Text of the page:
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RE: NGC 1980
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NGC 1980 (also OCl 529 and LBN 977) is a magnitude +2.5 open star cluster and gas nebula located 1790 light-years away in the constellation Orion. 
The cluster is less than one degree south of the Orion nebula, and consists of 2000 young hot blue stars of spectral type O and B with an age of about 4-5 million years. The brightest star of the cluster, Iota Orionis, is visible to the naked eye.
NGC 1980 belongs to the Orion OB1 association, a vast association that includes at least 10,000 stars, located at an average distance of about 1400 light-years away.

The best time to observe the cluster is in the evening sky between October and March.

The cluster was discovered by German-British astronomer William Herschel using a 47.5 cm (18.7 inch) f/13 speculum reflector at Clayhall Farm House in Old Windsor on the 31st January 1786.

Right ascension 05h 35m 25.0s, Declination -05° 54' 54"



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OCl 529
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Title: Characterizing the stellar population of NGC 1980
Author: Marina Kounkel, Lee Hartmann, Nuria Calvet, Tom Megeath

NGC 1980 is a young cluster that is located about 0.5 degrees south of the Orion Nebula Cluster (ONC). Recent studies by Bouy et al. and Pillitteri et al. have suggested that NGC 1980 contains an older population of stars compared to a much younger ONC, and that it belongs to a foreground population that may be located in front of the Orion A molecular gas by as much as 40 pc. In this work we present low-resolution spectra towards 148 young stars found towards the NGC 1980 region. We determine the spectral types of these stars, examine accretion signatures and measure the extinction towards them. We determine that based on these observations, the age of the population of NGC 1980 is indistinguishable from L1641, estimated to be ~3 Myr, comparable with the study by Fang et al.

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Title: NGC 1980 is not a foreground population of Orion: Spectroscopic survey of young stars with low extinction in Orion A
Author: Min Fang, Jinyoung Serena Kim, Ilaria Pascucci, Dániel Apai, Lan Zhang, Aurora Sicilia-Aguilar, Miguel Alonso-Martínez, Carlos Eiroa, Hongchi Wang

We perform a spectroscopic survey of the foreground population in Orion A with MMT/Hectospec. We use these data, along with archival spectroscopic data and photometric data, to derive spectral types, extinction values, and masses for 691 stars. Using the Spitzer Space Telescope data, we characterize the disk properties of these sources. We identify 37 new transition disk (TD) objects, one globally depleted disk candidate, and 7 probable young debris disks. We discover an object with a mass less than 0.018-0.030 solar masses, which harbors a flaring disk. Using the H alpha emission line, we characterize the accretion activity of the sources with disks, and confirm that fraction of accreting TDs is lower than that of optically thick disks (46±7% versus 73±9%, respectively). Using kinematic data from the Sloan Digital Sky Survey and APOGEE INfrared Spectroscopy of Young Nebulous Clusters program (IN-SYNC), we confirm that the foreground population shows similar kinematics to their local molecular clouds and other young stars in the same regions. Using the isochronal ages, we find that the foreground population has a median age around 1-2 Myr, which is similar to the one of other young stars in Orion A. Therefore, our results argue against the presence of a large and old foreground cluster in front of Orion A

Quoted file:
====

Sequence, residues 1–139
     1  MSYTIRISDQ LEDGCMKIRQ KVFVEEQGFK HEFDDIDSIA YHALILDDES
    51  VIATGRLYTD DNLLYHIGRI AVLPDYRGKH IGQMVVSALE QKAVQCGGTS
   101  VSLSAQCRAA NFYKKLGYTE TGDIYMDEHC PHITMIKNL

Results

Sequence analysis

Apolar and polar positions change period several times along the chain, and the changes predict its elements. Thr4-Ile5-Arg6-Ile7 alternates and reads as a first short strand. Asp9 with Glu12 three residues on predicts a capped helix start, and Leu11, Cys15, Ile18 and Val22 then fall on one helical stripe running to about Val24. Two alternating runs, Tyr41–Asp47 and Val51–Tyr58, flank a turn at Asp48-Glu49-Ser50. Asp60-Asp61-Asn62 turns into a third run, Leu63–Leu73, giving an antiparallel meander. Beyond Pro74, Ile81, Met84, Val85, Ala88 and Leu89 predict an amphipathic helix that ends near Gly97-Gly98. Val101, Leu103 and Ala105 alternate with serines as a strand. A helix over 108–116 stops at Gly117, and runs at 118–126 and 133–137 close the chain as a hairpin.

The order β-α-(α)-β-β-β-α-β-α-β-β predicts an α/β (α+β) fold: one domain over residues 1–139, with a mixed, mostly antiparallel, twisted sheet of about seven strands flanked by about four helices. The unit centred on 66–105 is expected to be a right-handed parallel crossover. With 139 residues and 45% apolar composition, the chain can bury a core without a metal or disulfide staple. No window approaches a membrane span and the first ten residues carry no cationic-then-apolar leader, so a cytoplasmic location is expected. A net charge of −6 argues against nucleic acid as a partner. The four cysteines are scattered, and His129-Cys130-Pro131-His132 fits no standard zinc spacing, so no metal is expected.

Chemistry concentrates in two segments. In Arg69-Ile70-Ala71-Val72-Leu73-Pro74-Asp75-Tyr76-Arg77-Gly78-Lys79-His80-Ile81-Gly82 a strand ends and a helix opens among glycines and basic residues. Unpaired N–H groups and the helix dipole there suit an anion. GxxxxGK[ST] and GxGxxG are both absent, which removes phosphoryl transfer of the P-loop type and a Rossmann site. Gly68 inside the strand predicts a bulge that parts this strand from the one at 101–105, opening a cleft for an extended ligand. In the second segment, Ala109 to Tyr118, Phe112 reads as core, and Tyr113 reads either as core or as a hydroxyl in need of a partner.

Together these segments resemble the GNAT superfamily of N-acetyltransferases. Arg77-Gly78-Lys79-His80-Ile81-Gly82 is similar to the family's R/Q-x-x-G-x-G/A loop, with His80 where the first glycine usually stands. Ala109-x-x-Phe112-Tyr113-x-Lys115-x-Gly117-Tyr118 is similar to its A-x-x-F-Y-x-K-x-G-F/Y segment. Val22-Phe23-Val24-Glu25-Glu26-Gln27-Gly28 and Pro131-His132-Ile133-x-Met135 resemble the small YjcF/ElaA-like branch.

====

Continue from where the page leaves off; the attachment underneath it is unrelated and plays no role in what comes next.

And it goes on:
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Title: Orion Revisited - I. The massive cluster in front of the Orion Nebula Cluster
Authors: J. Alves, H. Bouy

The aim of this work is to characterise the stellar population between Earth and the Orion A molecular cloud where the well known star formation benchmark Orion Nebula Cluster (ONC) is embedded. We use the denser regions the Orion A cloud to block optical background light, effectively isolating the stellar population in front of it. We then use a multi-wavelength observational approach to characterise the cloud's foreground stellar population. We find that there is a rich stellar population in front of the Orion A cloud, from B-stars to M-stars, with a distinct 1) spatial distribution, 2) luminosity function, and 3) velocity dispersion from the reddened population inside the Orion A cloud. The spatial distribution of this population peaks strongly around NGC 1980 (iota Ori) and is, in all likelihood, the extended stellar content of this poorly studied cluster. We infer an age of ~4-5 Myr for NGC 1980 and estimate a cluster population of the order of 2000 stars, which makes it one of the most massive clusters in the entire Orion complex. What is currently taken in the literature as the ONC is then a mix of several intrinsically different populations, namely: 1) the youngest population, including the Trapezium cluster and ongoing star formation in the dense gas inside the nebula, 2) the foreground population, dominated by the NGC 1980 cluster, and 3) the poorly constrained population of foreground and background Galactic field stars. Our results support a scenario where the ONC and L1641N are not directly associated with NGC 1980, i.e., they are not the same population emerging from its parental cloud, but are instead distinct overlapping populations. This result calls for a revision of most of the observables in the benchmark ONC region (e.g., ages, age spread, cluster size, mass function, disk frequency, etc.).

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